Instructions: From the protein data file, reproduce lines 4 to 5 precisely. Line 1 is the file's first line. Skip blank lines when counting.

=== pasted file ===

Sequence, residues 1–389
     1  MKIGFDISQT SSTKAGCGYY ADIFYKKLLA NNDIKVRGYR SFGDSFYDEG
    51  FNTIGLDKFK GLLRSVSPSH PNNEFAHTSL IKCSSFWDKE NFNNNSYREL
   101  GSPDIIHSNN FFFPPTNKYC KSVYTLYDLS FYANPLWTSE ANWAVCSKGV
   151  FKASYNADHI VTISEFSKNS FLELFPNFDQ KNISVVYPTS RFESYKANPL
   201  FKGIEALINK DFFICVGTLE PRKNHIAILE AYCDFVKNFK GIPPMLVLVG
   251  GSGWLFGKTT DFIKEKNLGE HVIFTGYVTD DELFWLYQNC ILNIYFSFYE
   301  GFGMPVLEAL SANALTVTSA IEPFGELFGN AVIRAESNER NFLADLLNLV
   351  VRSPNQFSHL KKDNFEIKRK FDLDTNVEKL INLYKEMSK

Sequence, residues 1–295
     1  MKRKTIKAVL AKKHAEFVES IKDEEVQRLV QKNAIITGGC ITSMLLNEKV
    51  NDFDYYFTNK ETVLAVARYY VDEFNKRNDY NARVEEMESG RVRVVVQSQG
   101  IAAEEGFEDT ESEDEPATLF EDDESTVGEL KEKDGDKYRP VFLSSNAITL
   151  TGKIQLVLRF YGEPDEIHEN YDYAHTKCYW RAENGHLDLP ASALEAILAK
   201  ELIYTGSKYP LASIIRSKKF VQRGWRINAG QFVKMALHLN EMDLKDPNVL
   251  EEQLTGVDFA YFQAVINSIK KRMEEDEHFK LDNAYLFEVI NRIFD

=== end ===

   101  GSPDIIHSNN FFFPPTNKYC KSVYTLYDLS FYANPLWTSE ANWAVCSKGV
   151  FKASYNADHI VTISEFSKNS FLELFPNFDQ KNISVVYPTS RFESYKANPL